bool v5; // zf
  const char *v6; // x2
  unsigned int max_recvmsg_size; // w20
  unsigned int v8; // w0

  direct_comm_impl = (direct_comm_impl_t *)*((_QWORD *)this + 1);
  v2 = 65542;
  if ( !direct_comm_impl )
    v6 = "direct comm_request: NULL implementation pointer";
    goto LABEL_9;
  TCI_buf_addr = direct_comm_impl->TCI_buf_addr;// ?????
  v4 = direct_comm_impl->unk_must_be_zero;
  if ( TCI_buf_addr )
    v5 = v4 == 0;
    v5 = 1;
  if ( v5 )
    v6 = "tlc_request: NULL pointer data";
    __android_log_print(6LL, "TZ: mc_tlc_communication", v6);
    return v2;
  max_recvmsg_size = direct_comm_impl->max_recvmsg_size;
  *(_DWORD *)(TCI_buf_addr + 8) = direct_comm_impl->max_sendmsg_size; // can't set to arbitrary when used via tlc_server
  v8 = tlc_communicate((__int64)&direct_comm_impl->device_id);

However, if we can write to the WSM whatever and then trigger a Notify command to reach the Trustlet without going through tlc_server, then the envelope_len can be anything.

The problem is that much of the Trustlet code I came across just trusted this field inherently. The following snippet from the ESECOMM trustlet’s entry point shows the very start of processing input from NWd:

void __fastcall Main(_DWORD *tciBuf, unsigned int tciBufLen)
  tcibuf_hdr *tciBuf_; // r6@1
  unsigned int tciBufLen_; // r9@1
  char *logbuffer_; // r5@4
  tcibuf_hdr *respmsg; // r7@5
  _BYTE *logbuffer_end; // r5@5
  int envelope_len; // ST00_4@5
  int cmd_id; // r8@5
  int ret_val; // r10@7
  _BYTE *logbuffer_end_; // r5@7

  tciBuf_ = (tcibuf_hdr *)tciBuf;
  tciBufLen_ = tciBufLen;
  if ( !tciBuf || tciBufLen < 4397 )
    ((void (__fastcall *)(signed int, signed int))stru_1000.lib_addr)(4, -1);// tlApiExit()
  snprintf(logbuffer, 119, "TL_TZ_ESECOMM: tciBufferLen = %d = 0x%x", tciBufLen, tciBufLen);
  logbuffer_ = logbuffer;
  logbuffer[119] = 0;
  tlApiLogPrintf_0((const char *)&off_7364, logbuffer);
  snprintf(logbuffer, 119, "Trustlet TL_TZ_ESECOMM: Starting");
  logbuffer[119] = 0;
  tlApiLogPrintf_0((const char *)&off_7364, logbuffer);
  while ( 1 )
    respmsg = (tcibuf_hdr *)((char *)tciBuf_ + tciBuf_->envelope_len);
                                            // tciBuf__[2] is the max_sendmsg_size ... NORMALLY
                                            // but, if the command header is malformed,
                                            // respmsg can become an arbitrary pointer

    snprintf(logbuffer, 119, "TL_TZ_ESECOMM: tciBufferLen = %d = 0x%x", tciBufLen_, tciBufLen_);
    logbuffer_[119] = 0;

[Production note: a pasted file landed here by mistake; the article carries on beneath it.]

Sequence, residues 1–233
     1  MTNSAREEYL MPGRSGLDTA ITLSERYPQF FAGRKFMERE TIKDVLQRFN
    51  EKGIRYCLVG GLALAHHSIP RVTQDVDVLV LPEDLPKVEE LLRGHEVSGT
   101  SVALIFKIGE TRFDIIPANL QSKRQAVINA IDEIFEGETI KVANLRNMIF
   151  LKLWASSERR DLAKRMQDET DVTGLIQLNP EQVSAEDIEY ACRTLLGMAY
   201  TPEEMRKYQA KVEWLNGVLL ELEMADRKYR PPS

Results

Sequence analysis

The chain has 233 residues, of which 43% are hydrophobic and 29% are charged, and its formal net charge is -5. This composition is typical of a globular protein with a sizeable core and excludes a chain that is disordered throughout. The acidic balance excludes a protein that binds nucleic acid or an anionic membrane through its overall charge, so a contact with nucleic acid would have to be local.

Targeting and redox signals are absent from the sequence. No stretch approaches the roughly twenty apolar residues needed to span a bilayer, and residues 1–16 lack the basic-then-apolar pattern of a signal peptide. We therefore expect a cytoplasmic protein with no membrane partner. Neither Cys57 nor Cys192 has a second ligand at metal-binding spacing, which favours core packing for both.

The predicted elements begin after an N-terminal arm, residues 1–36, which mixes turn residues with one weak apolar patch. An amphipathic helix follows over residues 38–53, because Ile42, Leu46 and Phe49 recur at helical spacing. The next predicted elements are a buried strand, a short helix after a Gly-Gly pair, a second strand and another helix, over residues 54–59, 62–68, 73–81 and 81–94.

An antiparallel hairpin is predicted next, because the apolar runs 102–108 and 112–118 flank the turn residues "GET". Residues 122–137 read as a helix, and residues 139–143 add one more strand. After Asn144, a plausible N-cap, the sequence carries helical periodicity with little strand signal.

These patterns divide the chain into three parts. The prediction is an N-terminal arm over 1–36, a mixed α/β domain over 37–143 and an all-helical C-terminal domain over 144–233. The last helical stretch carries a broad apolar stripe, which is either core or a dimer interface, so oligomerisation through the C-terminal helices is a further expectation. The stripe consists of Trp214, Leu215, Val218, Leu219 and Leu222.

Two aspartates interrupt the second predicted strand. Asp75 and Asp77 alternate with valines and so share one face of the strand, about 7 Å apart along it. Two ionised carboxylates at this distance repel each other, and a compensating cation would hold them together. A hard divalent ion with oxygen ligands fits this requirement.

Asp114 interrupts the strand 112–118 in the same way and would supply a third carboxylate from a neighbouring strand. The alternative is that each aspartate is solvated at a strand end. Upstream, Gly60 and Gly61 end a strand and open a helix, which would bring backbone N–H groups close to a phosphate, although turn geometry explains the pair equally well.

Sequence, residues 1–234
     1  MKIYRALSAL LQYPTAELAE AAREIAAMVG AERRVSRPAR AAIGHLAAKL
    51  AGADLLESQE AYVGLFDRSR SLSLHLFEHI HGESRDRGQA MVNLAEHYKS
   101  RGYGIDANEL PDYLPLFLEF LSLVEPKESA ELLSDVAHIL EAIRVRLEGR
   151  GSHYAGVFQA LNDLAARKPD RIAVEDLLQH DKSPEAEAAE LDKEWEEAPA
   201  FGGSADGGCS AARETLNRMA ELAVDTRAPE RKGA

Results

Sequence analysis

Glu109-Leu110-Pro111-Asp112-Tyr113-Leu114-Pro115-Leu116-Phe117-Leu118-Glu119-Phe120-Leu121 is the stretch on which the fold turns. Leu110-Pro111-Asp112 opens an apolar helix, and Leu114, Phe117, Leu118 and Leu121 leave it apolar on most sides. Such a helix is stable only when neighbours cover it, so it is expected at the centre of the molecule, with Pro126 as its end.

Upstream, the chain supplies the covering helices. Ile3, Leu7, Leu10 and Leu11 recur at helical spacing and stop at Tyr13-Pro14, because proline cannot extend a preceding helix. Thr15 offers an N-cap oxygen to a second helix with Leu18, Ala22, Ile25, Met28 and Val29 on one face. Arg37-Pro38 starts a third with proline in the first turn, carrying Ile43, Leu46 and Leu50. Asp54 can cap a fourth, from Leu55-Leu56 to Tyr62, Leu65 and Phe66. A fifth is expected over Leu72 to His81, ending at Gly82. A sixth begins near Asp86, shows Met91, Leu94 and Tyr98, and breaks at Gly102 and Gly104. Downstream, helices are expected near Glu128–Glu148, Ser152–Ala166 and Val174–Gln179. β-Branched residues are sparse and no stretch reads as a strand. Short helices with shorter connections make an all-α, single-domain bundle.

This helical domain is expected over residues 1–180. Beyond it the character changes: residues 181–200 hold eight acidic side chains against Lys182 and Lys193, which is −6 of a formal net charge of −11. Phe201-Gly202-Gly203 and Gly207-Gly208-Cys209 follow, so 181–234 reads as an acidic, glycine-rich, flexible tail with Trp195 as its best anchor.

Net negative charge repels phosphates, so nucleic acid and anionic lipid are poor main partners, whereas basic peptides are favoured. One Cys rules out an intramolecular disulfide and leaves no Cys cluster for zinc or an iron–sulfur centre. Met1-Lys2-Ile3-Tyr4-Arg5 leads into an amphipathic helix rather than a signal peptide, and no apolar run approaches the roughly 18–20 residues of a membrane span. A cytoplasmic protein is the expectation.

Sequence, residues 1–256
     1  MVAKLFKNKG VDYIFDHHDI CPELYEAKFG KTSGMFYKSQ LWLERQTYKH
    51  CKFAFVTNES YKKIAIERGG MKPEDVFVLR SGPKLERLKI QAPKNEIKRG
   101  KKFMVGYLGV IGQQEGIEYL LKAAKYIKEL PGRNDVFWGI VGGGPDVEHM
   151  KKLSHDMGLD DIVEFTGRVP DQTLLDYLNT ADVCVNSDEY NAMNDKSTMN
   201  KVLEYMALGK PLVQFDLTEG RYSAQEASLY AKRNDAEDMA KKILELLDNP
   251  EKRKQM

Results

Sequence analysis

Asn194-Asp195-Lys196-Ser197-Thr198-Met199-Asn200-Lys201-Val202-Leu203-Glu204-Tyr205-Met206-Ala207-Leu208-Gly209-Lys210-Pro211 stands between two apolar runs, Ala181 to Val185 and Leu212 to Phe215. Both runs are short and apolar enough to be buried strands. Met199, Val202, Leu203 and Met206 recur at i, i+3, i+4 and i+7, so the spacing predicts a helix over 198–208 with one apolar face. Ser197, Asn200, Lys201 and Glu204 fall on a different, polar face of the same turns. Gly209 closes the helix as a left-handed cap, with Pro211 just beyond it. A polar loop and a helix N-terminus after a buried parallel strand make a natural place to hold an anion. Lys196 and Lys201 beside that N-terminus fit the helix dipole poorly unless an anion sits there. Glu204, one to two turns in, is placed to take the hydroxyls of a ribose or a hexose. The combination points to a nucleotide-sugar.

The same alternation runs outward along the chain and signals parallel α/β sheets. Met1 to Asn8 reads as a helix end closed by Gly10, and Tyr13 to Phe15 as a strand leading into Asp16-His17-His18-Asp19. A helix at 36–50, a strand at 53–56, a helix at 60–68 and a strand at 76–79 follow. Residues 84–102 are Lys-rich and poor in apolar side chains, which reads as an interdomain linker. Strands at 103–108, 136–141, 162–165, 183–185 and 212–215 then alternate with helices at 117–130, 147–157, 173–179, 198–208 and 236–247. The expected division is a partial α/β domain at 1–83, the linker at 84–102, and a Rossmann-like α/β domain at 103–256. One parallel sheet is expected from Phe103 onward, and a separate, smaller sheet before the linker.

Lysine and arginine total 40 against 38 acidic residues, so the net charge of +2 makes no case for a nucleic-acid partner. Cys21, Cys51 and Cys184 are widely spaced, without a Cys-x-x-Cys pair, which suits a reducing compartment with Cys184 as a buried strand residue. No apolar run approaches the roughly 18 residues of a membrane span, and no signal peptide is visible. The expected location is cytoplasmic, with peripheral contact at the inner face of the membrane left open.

logbuffer_end = logbuffer_ + 119;
    tlApiLogPrintf_0((const char *)&off_7364, logbuffer);
    envelope_len = tciBuf_->envelope_len;
    snprintf(logbuffer, 119, "TL_TZ_ESECOMM: sendmsg envelope length = %d = 0x%x");
    *logbuffer_end = 0;
    tlApiLogPrintf_0((const char *)&off_7364, logbuffer);
    snprintf(logbuffer, 119, "TL_TZ_ESECOMM: sendmsg = %p, respmsg = %p", tciBuf_, respmsg);
    *logbuffer_end = 0;
    tlApiLogPrintf_0((const char *)&off_7364, logbuffer);
    cmd_id = tciBuf_->id;
    snprintf(logbuffer, 119, "Trustlet TL_TZ_ESECOMM: Got a message!");
    *logbuffer_end = 0;
    logbuffer_ = logbuffer_end - 119;
    tlApiLogPrintf_0((const char *)&off_7364, logbuffer);
    if ( cmd_id >= 0 )
      snprintf(logbuffer, 119, "TZ_ESECOMM: we got a command");
      logbuffer_[119] = 0;
      tlApiLogPrintf_0((const char *)&off_7364, logbuffer);
      ret_val = process_cmd((int)esecomm_cxt_something, cmd_id, tciBuf_, (char *)respmsg);
      respmsg->id = cmd_id | 0x80000000;
                          // respmsg address is completely controlled!

Immediately in Main, the problem is that regardless of whether the command processing fails or succeeds, the response value will always be written to the respmsg pointer, which can be any arbitrary address when envelope_len is controlled.

Unfortunately, this kind of write to respmsg is repeated throughout the logic inside process_cmd as well. I note that many code paths do include checks on the respmsg’s payload length, but this is actually a red herring here! These checks verify that the length of payload indicated by the field of respmsg falls in line with the expected size of respmsg for the given command type. This however doesn’t do anything to the fact that the initial respmsg assignment out in Main might have already flipped respmsg to point to some arbitrary address.

Some of this would be covered by a tciBufLen > envelope_len check, but not entirely, because in most cases, there are writes way past the start of respmsg that happen. The biggest example I found is in process_DECRYPT:

int __fastcall process_cmd_decrypt(void *esecomm_cxt, char *reqmsg, char *rspmsg)

  reqmsg_ = reqmsg;
  rspmsg_ = rspmsg;
  snprintf(logbuffer, 119, "TL_TZ_ESECOMM: process_DECRYPT: entering");
  logbuffer[119] = 0;
  tlApiLogPrintf_0((const char *)&loc_89EC, logbuffer);
  *(_DWORD *)rspmsg_ = 10;
  *((_WORD *)rspmsg_ + 2) = 255;
  *(_DWORD *)(rspmsg_ + 4362) = 0;

So, assuming a check is added in Main(), it will have to know correctly the maximum offset from respmsg that may be written to by any command processing and then make sure that envelope_len is never too large with respect to that.